Mingxuan Liu (Zhongguancun Laboratory; Tsinghua University), Yiming Zhang (Tsinghua University), Xiang Li (Tsinghua University), Chaoyi Lu (Tsinghua University), Baojun Liu (Tsinghua University), Haixin Duan (Tsinghua University; Zhongguancun Laboratory), Xiaofeng Zheng (Institute for Network Sciences and Cyberspace, Tsinghua University; QiAnXin Technology Research Institute & Legendsec Information Technology (Beijing) Inc.)
Domain names are often registered and abused for harmful and illegal Internet activities. To mitigate such threats, as an emerging security service, Protective DNS (PDNS) blocks access to harmful content by proactively offering rewritten DNS responses, which resolve malicious domains to controlled hosts. While it has become an effective tool against cybercrime, given their implementation divergence, little has been done from the security community in understanding the deployment, operational status and security policies of PDNS services.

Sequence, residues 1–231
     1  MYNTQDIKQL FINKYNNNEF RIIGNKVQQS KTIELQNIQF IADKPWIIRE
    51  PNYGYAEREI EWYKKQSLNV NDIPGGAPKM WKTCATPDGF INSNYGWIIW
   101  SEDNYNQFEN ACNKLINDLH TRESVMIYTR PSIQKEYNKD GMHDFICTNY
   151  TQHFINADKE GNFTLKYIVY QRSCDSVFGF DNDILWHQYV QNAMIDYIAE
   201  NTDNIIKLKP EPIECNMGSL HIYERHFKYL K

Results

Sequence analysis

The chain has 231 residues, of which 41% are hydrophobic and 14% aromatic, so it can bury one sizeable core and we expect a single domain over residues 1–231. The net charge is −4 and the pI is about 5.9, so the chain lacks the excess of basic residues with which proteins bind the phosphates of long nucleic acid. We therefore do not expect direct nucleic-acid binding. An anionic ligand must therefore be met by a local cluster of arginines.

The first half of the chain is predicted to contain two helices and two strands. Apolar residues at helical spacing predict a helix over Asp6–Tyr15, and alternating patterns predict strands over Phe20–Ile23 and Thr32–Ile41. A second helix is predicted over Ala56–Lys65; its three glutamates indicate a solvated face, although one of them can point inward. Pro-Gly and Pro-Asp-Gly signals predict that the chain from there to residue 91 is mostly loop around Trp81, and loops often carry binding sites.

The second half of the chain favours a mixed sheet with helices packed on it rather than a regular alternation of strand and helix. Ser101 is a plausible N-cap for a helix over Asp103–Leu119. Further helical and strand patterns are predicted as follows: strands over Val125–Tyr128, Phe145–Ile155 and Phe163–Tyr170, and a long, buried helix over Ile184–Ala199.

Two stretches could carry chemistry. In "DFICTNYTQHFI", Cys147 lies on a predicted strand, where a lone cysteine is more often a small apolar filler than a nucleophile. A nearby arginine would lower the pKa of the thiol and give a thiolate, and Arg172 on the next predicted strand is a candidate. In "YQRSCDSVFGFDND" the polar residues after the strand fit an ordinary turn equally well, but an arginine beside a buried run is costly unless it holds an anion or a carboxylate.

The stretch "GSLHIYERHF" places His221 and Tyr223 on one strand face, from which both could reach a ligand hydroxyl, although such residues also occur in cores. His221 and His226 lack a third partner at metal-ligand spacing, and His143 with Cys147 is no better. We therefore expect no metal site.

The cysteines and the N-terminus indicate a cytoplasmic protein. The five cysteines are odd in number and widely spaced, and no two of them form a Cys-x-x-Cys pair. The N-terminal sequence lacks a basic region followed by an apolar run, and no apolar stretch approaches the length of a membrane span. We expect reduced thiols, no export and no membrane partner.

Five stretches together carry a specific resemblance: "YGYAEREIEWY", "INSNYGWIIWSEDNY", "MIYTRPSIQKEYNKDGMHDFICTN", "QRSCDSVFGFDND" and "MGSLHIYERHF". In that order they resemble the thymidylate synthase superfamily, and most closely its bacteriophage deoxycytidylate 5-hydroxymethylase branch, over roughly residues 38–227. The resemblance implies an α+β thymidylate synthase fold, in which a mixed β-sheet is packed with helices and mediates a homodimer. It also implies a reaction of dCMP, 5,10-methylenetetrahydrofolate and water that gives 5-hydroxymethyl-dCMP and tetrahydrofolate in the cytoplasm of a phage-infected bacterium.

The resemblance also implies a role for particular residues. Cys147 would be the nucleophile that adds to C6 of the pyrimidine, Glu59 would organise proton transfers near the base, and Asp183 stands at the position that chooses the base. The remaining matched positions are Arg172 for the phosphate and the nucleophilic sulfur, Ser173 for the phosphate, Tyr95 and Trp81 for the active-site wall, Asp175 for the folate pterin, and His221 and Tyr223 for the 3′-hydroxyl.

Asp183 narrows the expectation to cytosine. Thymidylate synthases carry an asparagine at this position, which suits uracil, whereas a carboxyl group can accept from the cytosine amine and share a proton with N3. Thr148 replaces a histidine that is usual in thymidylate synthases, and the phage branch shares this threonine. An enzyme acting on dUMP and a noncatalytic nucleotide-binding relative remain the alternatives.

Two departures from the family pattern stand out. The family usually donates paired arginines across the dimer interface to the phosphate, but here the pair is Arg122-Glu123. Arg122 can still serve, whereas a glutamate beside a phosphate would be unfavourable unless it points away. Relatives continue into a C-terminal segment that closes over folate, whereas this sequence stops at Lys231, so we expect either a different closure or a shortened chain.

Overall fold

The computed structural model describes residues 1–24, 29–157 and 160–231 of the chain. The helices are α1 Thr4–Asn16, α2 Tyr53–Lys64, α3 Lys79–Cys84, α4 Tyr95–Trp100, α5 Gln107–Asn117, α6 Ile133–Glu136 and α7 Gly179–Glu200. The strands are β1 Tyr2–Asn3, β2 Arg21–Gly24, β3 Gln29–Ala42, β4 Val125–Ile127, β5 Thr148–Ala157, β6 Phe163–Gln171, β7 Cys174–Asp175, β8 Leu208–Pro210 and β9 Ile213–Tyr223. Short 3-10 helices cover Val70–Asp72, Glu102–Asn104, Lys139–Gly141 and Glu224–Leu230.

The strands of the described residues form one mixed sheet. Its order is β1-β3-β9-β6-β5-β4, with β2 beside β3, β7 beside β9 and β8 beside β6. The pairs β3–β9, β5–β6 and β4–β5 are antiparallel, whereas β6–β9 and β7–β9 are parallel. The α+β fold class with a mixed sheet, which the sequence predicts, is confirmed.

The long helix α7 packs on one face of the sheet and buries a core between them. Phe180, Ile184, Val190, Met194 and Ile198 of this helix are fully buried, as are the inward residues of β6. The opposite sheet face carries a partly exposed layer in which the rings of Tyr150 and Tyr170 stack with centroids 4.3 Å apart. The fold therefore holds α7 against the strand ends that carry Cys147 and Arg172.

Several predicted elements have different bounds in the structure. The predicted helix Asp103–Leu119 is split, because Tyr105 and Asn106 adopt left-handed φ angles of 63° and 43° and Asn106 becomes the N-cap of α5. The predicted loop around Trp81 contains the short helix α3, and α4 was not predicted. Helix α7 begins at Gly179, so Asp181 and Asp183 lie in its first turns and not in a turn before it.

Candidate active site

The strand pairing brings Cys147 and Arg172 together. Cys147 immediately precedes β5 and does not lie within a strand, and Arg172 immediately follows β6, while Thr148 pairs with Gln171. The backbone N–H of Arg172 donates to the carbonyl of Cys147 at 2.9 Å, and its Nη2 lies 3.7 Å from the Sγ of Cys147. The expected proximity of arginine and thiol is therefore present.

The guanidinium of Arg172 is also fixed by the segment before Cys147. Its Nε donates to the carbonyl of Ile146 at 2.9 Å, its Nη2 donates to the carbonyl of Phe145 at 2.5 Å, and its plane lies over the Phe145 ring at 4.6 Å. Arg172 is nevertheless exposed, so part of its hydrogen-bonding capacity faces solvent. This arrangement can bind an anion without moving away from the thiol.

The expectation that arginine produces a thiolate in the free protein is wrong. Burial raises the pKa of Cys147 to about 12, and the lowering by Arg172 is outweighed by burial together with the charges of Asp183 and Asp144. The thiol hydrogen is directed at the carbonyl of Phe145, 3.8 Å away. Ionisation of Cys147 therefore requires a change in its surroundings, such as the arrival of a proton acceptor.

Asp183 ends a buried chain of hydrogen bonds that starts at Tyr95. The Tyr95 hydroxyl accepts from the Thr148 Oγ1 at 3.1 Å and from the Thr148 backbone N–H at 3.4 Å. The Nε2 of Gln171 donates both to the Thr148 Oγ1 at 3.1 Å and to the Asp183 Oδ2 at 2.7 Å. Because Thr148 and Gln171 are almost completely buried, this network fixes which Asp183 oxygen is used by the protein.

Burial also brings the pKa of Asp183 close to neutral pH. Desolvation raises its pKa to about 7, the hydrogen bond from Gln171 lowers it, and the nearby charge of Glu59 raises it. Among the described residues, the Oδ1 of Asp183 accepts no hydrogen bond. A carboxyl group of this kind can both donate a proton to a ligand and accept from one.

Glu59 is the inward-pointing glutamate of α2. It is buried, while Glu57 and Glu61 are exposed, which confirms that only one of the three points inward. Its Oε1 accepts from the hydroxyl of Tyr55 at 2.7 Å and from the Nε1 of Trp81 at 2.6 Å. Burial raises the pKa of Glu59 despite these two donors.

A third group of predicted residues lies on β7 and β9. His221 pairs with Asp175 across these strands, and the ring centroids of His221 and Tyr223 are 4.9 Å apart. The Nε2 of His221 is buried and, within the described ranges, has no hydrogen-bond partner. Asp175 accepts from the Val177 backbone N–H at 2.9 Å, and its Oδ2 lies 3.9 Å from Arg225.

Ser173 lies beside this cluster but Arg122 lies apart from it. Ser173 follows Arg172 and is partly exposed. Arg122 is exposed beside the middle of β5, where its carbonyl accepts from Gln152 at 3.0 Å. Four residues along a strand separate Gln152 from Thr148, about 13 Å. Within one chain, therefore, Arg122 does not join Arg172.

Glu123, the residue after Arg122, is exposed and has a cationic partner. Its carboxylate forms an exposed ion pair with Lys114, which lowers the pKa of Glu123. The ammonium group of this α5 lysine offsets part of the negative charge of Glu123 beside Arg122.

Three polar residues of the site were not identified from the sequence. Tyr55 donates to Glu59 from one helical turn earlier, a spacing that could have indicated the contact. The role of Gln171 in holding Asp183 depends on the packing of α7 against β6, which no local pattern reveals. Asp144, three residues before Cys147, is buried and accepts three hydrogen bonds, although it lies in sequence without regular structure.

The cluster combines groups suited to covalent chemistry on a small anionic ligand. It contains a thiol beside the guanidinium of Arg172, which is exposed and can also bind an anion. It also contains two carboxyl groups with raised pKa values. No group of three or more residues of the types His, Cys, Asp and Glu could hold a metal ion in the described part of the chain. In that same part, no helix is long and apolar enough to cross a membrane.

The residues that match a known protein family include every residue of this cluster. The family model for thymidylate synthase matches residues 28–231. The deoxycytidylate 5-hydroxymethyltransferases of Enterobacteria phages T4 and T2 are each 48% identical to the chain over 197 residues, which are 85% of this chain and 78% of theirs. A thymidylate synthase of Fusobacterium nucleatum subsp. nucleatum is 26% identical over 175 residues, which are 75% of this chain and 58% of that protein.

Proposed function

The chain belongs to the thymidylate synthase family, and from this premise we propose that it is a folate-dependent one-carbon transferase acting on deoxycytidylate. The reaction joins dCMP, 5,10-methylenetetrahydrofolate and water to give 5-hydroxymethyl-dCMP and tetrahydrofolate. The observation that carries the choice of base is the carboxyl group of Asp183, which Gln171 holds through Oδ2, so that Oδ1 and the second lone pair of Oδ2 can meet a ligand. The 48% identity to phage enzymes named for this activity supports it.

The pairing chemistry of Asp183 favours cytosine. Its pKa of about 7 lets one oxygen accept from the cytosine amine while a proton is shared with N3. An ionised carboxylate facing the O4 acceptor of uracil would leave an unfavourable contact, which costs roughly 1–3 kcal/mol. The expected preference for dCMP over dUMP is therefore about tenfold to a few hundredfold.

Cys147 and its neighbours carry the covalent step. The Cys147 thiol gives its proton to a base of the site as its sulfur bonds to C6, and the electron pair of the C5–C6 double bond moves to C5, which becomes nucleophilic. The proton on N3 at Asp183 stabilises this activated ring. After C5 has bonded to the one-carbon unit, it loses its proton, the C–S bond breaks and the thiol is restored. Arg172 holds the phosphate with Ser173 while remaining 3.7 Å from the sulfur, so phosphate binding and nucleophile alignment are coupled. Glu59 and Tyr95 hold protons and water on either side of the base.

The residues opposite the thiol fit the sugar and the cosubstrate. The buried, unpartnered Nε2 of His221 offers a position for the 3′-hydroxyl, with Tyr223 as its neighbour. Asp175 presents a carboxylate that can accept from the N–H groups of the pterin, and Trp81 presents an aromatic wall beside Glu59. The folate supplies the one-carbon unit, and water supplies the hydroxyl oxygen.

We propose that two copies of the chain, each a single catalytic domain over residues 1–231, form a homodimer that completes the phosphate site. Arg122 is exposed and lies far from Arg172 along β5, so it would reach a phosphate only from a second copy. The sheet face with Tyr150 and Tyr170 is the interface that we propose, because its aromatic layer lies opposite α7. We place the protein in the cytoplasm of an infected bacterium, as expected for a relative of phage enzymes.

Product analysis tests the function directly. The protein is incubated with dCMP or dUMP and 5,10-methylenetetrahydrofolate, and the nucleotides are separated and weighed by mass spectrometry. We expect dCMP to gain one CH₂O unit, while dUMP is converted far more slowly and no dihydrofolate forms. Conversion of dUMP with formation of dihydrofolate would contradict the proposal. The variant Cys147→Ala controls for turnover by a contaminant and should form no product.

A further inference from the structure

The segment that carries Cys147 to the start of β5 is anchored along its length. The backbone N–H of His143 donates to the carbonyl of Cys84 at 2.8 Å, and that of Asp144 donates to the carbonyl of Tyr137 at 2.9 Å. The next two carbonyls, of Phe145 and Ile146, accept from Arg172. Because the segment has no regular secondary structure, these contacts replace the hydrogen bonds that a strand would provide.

In this paper, we present a large-scale measurement study of the deployment and security implications of open PDNS services. We first perform empirical analysis over 28 popular PDNS providers and summarize major formats of DNS rewriting policies. Then, powered by the derived rules, we design a methodology that identifies intentional DNS rewriting enforced by open PDNS servers in the wild. Our findings are multi-faceted. On the plus side, the deployment of PDNS is now starting to scale: we identify 17,601 DNS servers (9.1% of all probed) offering such service. For DNS clients, switching from regular DNS to PDNS induces negligible query latency, despite additional steps (e.g., checking against threat intelligence and rewriting DNS response) being required from the server side. However, we also find flaws and vulnerabilities within PDNS implementation, including evasion of blocking policies and denial of service. Through responsible vulnerability disclosure, we have received 12 audit assessment results of high-risk vulnerabilities. Our study calls for proper guidance and best practices for secure PDNS operation.